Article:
WORLD WAR I

 

The Texas National Guard was again called to the defense of the Nation April 1, 1917. The elements of the Guard were assembled at Camp Bowie (near Fort Worth), Texas, during the period 11 April - 9 May 1917. The Texas National Guard and The Oklahoma National Guard were combined to form the 36th Infantry Division. The insignia, later adopted for the Division, contains the letter "T" to identify Texas members of the Division, and the arrowhead background to recognize the Oklahoma members.

The significant date during World War I was October 15, 1917, when the 143d Infantry Regiment was formed from the 3d Infantry (less M.G. Company) Texas National Guard and the Fifth Infantry, Texas National Guard. Thus, October 15th is the official "birthday" of the 143d Infantry.

The 143d Infantry Regiment, as a part of the 36th Infantry Division, arrived in France during the early summer of 1918. The Regiment was first stationed at Bar-sur-Aube in a training assignment. On September 26, 1917, it was shipped by rail to an area between Epernay and Chalons-sur-Marne, where it was the reserve of the French group of Armies of the Center.

The Division was transferred on October 3d to the Fourth French Army where the Second Infantry Division (American) was already serving. The 143d Infantry was first placed in the line on October 10th, by relieving an infantry regiment of the Second Infantry Division. With the Second Division Artillery supporting, the 143d Infantry received its baptism of fire in an attack about 6 p.m. on October 10th, when they attacked near St. Etienne. The Regiment attacked in the direction of Machault and Cauray with success. The next day the enemy begun his retreat to the north in the direction of Dricourt and Attigny. The Regiment, as part of the 72d Infantry Brigade, took up the pursuit and lively rear guard actions followed between St. Etienne and Machault, which resulted in the encircling of the latter town and the establishment of a new firm Allied Line. The following day, October 12th, the Regiment continued its relentless attack and gained control of the northern bank of the Aisne. The Regiment maintained strong contct with the enemy until it was relieved by other Allied forces about October 28th. The Regiment was assembled as a part of the 36th Infantry Division in the Suippes-Somme-Suippes area and from this point moved to the Triaucourt areas. It remained here as a unit of the First American Army until the signing of the Armistice.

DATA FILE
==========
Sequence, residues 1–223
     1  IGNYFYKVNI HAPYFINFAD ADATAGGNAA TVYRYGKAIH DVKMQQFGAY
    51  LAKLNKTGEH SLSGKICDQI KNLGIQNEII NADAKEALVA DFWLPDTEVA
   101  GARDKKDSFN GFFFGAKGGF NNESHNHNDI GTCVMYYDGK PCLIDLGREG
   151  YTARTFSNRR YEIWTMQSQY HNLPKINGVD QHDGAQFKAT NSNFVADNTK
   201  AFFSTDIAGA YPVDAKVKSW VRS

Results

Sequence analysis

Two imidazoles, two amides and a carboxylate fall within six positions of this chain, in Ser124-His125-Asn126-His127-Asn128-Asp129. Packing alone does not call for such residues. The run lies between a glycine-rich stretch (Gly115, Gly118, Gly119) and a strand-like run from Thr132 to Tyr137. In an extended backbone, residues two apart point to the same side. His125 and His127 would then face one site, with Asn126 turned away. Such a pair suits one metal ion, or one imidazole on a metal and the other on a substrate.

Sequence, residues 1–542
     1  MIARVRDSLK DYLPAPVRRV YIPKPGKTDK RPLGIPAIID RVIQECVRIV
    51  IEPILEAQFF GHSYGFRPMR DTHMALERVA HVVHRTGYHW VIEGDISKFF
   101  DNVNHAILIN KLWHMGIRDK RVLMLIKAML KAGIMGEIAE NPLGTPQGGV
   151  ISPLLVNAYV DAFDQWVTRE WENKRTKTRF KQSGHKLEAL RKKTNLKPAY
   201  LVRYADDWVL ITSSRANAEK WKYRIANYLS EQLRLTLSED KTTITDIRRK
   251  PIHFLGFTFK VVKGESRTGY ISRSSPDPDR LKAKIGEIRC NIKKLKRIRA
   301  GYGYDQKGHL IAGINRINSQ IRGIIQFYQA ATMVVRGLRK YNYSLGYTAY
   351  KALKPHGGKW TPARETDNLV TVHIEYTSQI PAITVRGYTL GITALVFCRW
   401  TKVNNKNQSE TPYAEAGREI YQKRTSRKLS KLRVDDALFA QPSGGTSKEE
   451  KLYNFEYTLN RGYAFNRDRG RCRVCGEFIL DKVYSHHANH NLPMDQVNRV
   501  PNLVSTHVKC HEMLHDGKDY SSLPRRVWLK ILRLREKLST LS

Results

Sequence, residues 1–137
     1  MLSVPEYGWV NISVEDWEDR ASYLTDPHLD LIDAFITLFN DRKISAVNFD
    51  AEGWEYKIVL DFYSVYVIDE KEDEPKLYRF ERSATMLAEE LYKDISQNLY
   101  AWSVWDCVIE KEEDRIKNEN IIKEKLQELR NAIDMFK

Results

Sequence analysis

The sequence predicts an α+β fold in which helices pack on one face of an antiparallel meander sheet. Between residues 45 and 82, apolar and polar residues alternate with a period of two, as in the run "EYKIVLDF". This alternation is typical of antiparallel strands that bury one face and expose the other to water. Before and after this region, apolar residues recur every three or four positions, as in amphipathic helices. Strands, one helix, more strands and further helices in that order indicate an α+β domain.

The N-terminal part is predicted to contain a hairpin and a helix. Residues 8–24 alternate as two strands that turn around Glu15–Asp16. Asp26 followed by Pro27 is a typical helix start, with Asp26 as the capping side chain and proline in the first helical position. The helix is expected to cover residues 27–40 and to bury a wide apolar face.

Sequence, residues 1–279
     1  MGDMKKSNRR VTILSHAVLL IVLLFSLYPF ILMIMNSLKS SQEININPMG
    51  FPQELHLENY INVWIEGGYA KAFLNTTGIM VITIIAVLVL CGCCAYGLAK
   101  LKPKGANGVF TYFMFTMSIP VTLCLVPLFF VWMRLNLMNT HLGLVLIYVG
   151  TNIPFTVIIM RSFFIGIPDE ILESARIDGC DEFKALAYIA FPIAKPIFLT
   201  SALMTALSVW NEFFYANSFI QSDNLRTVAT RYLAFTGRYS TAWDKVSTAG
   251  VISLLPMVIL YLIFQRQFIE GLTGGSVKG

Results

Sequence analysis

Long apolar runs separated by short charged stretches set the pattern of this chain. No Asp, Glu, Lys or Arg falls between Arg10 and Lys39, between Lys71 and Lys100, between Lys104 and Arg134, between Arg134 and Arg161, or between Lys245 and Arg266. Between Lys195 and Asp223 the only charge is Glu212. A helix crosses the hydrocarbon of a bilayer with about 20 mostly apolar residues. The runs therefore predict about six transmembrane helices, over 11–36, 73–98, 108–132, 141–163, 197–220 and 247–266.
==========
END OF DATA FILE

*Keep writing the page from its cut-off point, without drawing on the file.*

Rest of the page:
Shortly after conclusion of hostilities, the Regiment moved to Tonnerre and remained here until April 26, 1919, when it started embarking at Brest for return to the United States. The Regiment had spent 23 days in action, none of them in quiet sectors. The Regiment, as part of the Division, is credited with the freeing of Rheims. The total advance of the Division was 13.8 miles; total prisoners captured, 813; total material captured; 3 pieces heavy artillery, 6 pieces light artillery, 17 trench mortars and 277 machine guns. The value of enemy ammunition captured was $10 millions.

The Division had 331 officers and 469 man killed in action; 4 officers and 70 men died of wounds; 177 officers and 329 men gassed; 42 officers and 89 men slightly wounded; 39 officers and 474 men severely wounded; total casualties, 2,601 officers and men.

Awards for valor to members of the Division were 30 Distinguished Service Crosses; 128 Croix de Guerres and 2 Congressional Medals of Honor.

The 36th Infantry Division had three different Commanding Generals, as follows: Major General E. St John Grobble, Aug 23 - September 17, 1917, and December 6, 1917 - August 2, 1918; Brigadier General George Blakeley, September 18 - December 5, 1917; and Major General William Smith, august 3, 1918, to date of demobilization in June of 1919. The 143d Infantry Regiment was demobilized at Camp Bowie, Texas, on the 13th and 14th of June 1919.

During World War I, the 143d Infantry was commanded by Colonel John S Hoover and Colonel Irving J Phillipson. Prior to the consolidation of the 3d Infantry and the 5th Infantry to make up the 143d Infantry, the 3d Infantry was commanded by Colonel George P. Rains and the 5th Infantry by Colonel John S Hoover.

 

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